But the average family is only expected to benefit to the tune of €300 a year from the modest tax cuts in Budget 2015.
The tax relief will be targeted to give the greatest benefit to those on middle incomes. The more a worker earns, the less their tax cut will be worth.
Labour ministers were briefed on the shortlist of tax options available to the Government by Tanaiste Joan Burton and her new economic adviser last week, the Irish Independent has learned.
A cut to the USC is virtually ruled out by Government, as it delivers a disproportionate benefit to higher earners, and is seen as too expensive.
The widening of tax bands to raise the entry point to the higher tax rate above €32,800 is the easiest way to take people out of the top rate of 52pc, which is made up of 41pc income tax, 7pc USC and 4pc PRSI.
Every euro earned above €32,800 is currently hit with the marginal tax rate of 52pc, leaving the worker with just 48c in their pocket. However, this move would deliver a big reduction to just a small number of people.
A special tax credit is also a possibility, but this would not address the issue of reducing the 52pc rate on low and middle-income earners.
Lowering the top income tax rate from 41pc to 40pc is emerging as a strong possibility, as the Government is keen to reduce the marginal tax rate.
The Department of Finance is currently examining ways of ensuring the cut would only deliver financial relief to middle-income earners. This may be done by clawing cash back from higher earners – possibly through the income tax system.
The confidential meeting took place in Government Buildings last Thursday, while Fine Gael were at their parliamentary party think-in in Fota Island.
The options were not discussed with the wider circle of Labour TDs and Senators attending the party’s think-in in Wexford yesterday and today.
Ms Burton’s economic adviser Terry Quinn, who is an economist on secondment from the Central Bank, set out the pros and cons for a number of scenarios:
* widening tax bands;
* cutting tax rates;
* cutting the USC;
* utilising tax credits.
Mr Quinn is understood to have veered heavily against a USC cut because it would not achieve the desired result.
“The USC changes, when they punched in the numbers, would proportionately benefit people on higher income than lower incomes,” a Government source said. A 1pc cut to the USC would cost €600m.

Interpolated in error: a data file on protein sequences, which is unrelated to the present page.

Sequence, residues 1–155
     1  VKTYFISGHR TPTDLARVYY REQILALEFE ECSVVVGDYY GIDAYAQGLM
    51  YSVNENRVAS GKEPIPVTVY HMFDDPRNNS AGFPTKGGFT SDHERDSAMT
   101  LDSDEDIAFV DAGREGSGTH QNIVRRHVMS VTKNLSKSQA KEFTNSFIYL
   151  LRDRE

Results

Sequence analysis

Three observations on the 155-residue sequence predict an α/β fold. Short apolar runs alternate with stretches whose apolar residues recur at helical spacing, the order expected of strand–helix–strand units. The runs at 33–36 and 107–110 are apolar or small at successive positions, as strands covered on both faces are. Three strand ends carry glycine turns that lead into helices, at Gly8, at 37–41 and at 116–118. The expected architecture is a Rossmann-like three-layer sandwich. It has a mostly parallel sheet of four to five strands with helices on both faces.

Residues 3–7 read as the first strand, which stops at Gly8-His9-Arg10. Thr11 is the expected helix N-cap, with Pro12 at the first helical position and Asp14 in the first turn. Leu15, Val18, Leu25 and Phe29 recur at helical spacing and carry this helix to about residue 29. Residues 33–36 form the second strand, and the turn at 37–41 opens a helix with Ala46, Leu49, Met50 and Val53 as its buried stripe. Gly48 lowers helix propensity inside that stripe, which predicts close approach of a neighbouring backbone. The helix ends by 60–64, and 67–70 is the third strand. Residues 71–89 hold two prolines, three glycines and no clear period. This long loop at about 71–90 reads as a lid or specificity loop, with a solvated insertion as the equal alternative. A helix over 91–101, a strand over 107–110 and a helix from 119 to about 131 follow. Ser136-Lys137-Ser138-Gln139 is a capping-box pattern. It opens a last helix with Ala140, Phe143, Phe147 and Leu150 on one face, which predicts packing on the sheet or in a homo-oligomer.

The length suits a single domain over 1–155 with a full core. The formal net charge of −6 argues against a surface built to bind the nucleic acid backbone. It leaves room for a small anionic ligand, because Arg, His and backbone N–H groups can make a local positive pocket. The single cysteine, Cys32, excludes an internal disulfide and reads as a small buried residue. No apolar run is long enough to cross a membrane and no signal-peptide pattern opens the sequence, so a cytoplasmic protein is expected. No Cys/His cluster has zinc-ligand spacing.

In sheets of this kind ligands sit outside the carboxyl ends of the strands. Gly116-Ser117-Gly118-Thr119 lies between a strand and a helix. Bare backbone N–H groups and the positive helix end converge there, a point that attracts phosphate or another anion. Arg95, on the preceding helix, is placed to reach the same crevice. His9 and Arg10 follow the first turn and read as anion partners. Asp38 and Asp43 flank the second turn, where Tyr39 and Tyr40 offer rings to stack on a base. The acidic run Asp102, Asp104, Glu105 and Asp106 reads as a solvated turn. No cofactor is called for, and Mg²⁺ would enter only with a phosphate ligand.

Mr Quinn spoke about lowering the higher tax rate from 41pc to 40pc. But he did appear to favour the widening of bands and a pure tax credit as a way to benefit middle-income earners.
However, government officials on all sides acknowledge tax credits are extremely difficult to administer and also do not actually reduce the marginal rate of tax.
The Labour ministers had a questions and answers session and a lengthy debate about the options available.
“It was a wide-ranging discussion and wasn’t being presented as a fait accompli. The Tanaiste didn’t go too much into his [Terry Quinn’s] analysis. She was talking about the macro-economic and political issues,” a Government source said.
The Government has formally agreed to remove low and middle income earners from the marginal tax rate.
In its Statement of Priorities, the Coalition says: “In Budget 2015, we will announce a tax reform plan to be delivered over a number of budgets to reduce the 52pc tax rate on low-and middle-income earners in a manner that maintains the highly progressive nature of the Irish tax system.”
But exactly how that will be achieved has not been set out.
Last night, the spokesperson confirmed the private meeting of Labour ministers did take place last week.
“The Statement of Priorities commits to examining ways of easing the burden for low-to-middle income earners. In line with that, the Labour ministers were presented with a range of illustrative options for consideration as to how this might be achieved,” the spokesman said.
The paper presented by Mr Quinn was entitled ‘Illustrative Options’.
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